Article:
Lamb To The Slaughter: Comparison Of The Original Story And The Film Adaptation
Generally, short stories and movie adaptations are known for their variations and adapted storylines. The short story ‘Lamb to the Slaughter’ Roald Dahl and the movie version by Alfred Hitchcock have some variations complementing the similarities. The film ‘Lamb to the Slaughter’ demonstrate a greater impact of what betrayal can do to a person through added dialogue, point of view, and more detailed descriptions. The movie is suspenseful compared to the short story, a direct admirer, Patrick Maloney is more of an opposer. In the short story, Mary’s intentions to cover up the murder are more obvious. The film adaptation of Lamb to the Slaughter by Alfred Hitchcock differs from the text by altering the pace, an attractive portrayal of the character of Patrick, and a lack of sympathy for Mary and her intentions. The interpretation of Hitchcock compares the directness of the short stories by slowing the progress by adding suspense and dialogue. He has Mary talking through her refusal to do this after Patrick talks about leaving her, saying ‘You can’t go. . . Patrick, I’m not going to let you go!’ This dialogue integration leads the reader to suspect the intentions of Mary long before killing Patrick Maloney. Hitchcock, too, portrays Patrick in a way that makes him seem to be the cruel and brutal antagonist.
Hitchcock shows the audience that Patrick hasn’t been faithful to Marry nor his marriage through a conversation between two officers. One said Patrick “used to fool around a bit now and again. ” Patrick is also condescending and revised towards Mary in the way he speaks to her and responds to her. While Hitchcock impersonates Patrick as a famous antagonist, he does not attempt to make Mary into an admirer that is connected or brazen. Unlike the silent giggle of Mary at the end of the short story, the conclusion of Hitchcock shows Mary smiling and malicious laughing. He also concludes the film by reminding us that Mary was attempting ‘the same way’ to murder Patrick with the uncooked lamb lag. This reduces any sympathy with Mary that the viewers might have had. It is difficult to imagine after this that the intentions of Mary could include anything other than self-interest and anger. It brings up the idea that she might have prepared every move before the night to cover up Patrick’s murder. Throughout development, character portrayal, and how self-absorbed intentions for Mary surface, the film varies from the short story. Typically, short stories or versions of movies are noted for their variations and modified storylines. Roald Dahl’s short story ‘Lamb to the Slaughter’ and Alfred Hitchcock’s film version have some differences that contribute to the similarity. The movie ‘Lamb to the Slaughter’ shows a greater impact on what can be done to a person by adding dialogue, point of view, and more detailed descriptions. In Roald Dahl’s short story “Lamb to the Slaughter”, the plot’s development is more straightforward, Patrick is less cold-hearted, and the motives of Mary to cover up her crime are somewhat understandable.
Dahl follows the plot perfectly instead of drawing out the storyline with suspense, drama, and dialogue. For the most part, Dahl skips dialogue and narration. It reflects Mary’s genuine surprise at the scenario by revealing that the events of the evening are quickly and dramatically unraveling, but it is also simple, lacking prolonged dialogue or static suspense. Dahl also describes Patrick as blunt but empathetic. Patrick, for instance, never tried to sit down in the film for his conversation with Mary, but he was polite in the message. He Sabbatum and “kept his head down in order that the sunshine from the lamp beside him fell across the top side of his face… She noticed there was a little muscle moving close to the corner of his left eye. ” Patrick’s body language shows how he feels nervous, and perhaps even remorseful. This encourages the reader, despite his infidelity, to feel sympathy for him. Dahl also portrays the thoughts of Mary in a way that sometimes gives us a sense of sympathy for her.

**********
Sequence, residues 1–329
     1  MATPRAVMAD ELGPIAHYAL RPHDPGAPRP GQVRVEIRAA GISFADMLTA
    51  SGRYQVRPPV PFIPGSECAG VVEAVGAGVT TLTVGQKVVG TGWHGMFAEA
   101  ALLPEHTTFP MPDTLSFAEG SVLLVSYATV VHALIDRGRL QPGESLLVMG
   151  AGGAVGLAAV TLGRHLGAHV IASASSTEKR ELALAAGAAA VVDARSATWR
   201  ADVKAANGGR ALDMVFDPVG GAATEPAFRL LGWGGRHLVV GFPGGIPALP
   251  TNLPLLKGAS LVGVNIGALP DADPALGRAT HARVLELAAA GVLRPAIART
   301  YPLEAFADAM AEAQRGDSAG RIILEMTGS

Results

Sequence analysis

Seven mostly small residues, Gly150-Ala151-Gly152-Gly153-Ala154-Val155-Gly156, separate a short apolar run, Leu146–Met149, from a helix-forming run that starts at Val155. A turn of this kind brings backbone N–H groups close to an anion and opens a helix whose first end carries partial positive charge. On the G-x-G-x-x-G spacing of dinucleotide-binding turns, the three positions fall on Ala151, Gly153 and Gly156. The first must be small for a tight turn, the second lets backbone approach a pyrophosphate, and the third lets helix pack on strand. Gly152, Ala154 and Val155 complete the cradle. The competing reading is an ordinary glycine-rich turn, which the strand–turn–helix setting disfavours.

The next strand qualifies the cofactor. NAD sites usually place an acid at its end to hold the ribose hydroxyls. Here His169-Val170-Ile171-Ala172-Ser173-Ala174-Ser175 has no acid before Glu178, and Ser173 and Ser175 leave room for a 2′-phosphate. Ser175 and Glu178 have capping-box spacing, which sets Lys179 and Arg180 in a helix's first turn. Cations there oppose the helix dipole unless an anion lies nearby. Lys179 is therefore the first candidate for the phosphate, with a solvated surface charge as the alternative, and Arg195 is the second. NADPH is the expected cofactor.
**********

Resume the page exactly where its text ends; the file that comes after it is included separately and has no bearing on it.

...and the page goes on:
This points out to the author that after murdering Patrick, Mary seeks the life of her baby rather than her own. “She knew quite well what the deal would be. What were the laws that are awaiting murderers? … Mary Maloney didn’t know. And she certainly wasn’t prepared to take the chance. ” Despite her motives for taking Patrick’s life, this clarifies that her motives for covering up the murder were maternal. Ultimately, she lies to protect her child. Roald Dahl’s short story differs from the movie. Its progression of Patrick’s portrayal and the revealed motives of Mary to cover up the murder. Several aspects could be recognized as points of comparison between the short story of Roald Dahl ‘Lamb to the Slaughter’ and Alfred Hitchcock movie adaption. Nevertheless, the largest and most noticeable variances are progression, depiction of Patrick’s feelings, Mary’s motives.
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Generally, short stories and movie adaptations are known for their variations and adapted storylines. The short story ‘Lamb to the Slaughter’ Roald Dahl and the movie version by Alfred Hitchcock […]